Worried about the expense? Renting booth space and covering travel costs for staff can take real money. On the other hand, it makes sense for first timers to attend a show as a visitor and scope it for more robust participation the next year. Grant money is sometimes available for small businesses, so be sure to ask the trade development specialist with your local or national government. In the U.S. that’s your local Export Assistance Center, a division of the Commerce Department. Getting a portion of exhibition costs paid, including overseas travel, is an attractive incentive.
Making the most of the show
Shows get promoted months in advance, or you can look at the program for a show you missed this year to help plan for next. Many shows offer education programs and you should consider asking to be a speaker. Usually there’s a spot on the show website that has info on how to apply. If, not phone or email the show management people. Potential buyers and partners may be in the audience to listen to your pitch.
Show media is another way to get your story in front of buyers. Many news outlets in the industry usually attend the show. Often there is a show daily, both print and digital and available on each day of the show. Some are pay to play, but others are looking for interesting products and services to feature. Make yourself a little media list before you depart for the show. Maybe send a press release ahead of time and offer to meet the editor or reporter at the show. If there’s a reception for or sponsored by the industry media be sure to attend. Not sure about how to write a press release? WPG can help.
Go to the receptions
Unless it’s a show promoting abstinence, when the show day is done the parties begin and drinks flow. This is a good time to relax and meet people. Come with elevator speech and business cards. Go to more than one reception, including ones where members of the media are likely to be present. The show organizers can help target the right places, as they’re eager for you to have a good time and to return next year.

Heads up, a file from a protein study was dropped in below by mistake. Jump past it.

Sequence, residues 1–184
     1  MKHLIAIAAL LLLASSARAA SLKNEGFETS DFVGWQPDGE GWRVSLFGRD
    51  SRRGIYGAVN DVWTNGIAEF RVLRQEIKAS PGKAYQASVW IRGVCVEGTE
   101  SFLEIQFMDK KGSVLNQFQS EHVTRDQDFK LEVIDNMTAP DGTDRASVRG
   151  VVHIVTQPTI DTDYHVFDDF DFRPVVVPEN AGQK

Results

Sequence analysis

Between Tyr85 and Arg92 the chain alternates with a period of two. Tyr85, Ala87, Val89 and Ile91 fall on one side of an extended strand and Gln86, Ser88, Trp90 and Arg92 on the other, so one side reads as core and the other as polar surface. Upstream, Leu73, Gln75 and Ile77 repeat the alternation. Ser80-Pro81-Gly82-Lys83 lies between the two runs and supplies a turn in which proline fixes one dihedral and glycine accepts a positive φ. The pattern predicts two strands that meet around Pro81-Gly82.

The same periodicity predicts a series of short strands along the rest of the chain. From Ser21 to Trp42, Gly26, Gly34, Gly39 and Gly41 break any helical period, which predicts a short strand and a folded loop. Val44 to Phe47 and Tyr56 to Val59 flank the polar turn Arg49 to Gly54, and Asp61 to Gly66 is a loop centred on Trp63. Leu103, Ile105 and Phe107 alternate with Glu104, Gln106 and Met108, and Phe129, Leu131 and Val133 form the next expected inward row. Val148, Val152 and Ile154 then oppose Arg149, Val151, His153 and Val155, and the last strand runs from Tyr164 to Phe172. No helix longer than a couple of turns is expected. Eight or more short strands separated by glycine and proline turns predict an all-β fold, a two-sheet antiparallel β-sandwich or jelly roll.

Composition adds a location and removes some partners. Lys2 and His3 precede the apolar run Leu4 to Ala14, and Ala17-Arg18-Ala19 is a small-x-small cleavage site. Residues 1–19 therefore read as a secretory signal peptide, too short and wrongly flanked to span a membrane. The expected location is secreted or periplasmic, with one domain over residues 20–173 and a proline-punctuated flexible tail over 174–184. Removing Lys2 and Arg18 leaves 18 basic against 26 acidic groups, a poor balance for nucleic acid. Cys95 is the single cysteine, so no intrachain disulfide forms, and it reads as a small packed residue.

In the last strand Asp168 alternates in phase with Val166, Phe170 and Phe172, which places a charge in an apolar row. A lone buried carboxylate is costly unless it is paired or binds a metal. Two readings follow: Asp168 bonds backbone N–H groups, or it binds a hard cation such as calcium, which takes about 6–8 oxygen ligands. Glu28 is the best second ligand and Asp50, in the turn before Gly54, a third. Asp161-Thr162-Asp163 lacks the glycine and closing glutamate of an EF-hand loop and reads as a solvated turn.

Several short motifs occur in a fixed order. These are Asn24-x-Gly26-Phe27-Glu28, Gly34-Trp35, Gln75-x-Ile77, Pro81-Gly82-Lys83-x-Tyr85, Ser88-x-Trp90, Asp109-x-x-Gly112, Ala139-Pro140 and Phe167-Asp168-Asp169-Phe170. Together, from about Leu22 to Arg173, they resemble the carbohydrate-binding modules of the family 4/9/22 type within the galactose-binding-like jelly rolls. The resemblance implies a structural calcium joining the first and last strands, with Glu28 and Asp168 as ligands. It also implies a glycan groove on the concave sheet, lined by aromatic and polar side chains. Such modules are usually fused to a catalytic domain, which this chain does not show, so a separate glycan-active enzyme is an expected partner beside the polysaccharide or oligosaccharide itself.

Many shows may have room for you up to the last minute, but local hotels can sell out early, forcing you to travel to accommodations far from the city center where show facilities are usually located.
Utilize government help
Governments with export promotion programs often help show organizers recruit buyers and sellers from their countries to large international shows, especially those in Germany, which tend to be well-established, heavily attended and represent key industries. Services vary, but often include arranging meetings with vetted buyers and sellers. Fees also vary but are mostly nominal. Specialists from different countries often attend and provide insights into their particular markets and introductions to sellers and buyers in delegations that they’ve recruited. They will also help with post show follow up.
Post show follow up
Do it. The head-exploding truth about trade shows is that many leads collected don’t get followed up on. True, some leads may be duds. But we’re talking about solid ones that somehow fall by the wayside. Make a spreadsheet, annotate business cards—do whatever it takes to protect and organize your leads. As soon as you get home, send those emails. And if you’re received help from show organizers or your government’s trade specialists, follow up with them and make them part of your sales or procurement team.
Trade shows are changing in response to changing times. Consolidations have taken place and some shows have gone from being help annually to every other year. But they’re not going away. Face-to- face meetings are still important, especially when doing cross-border business.
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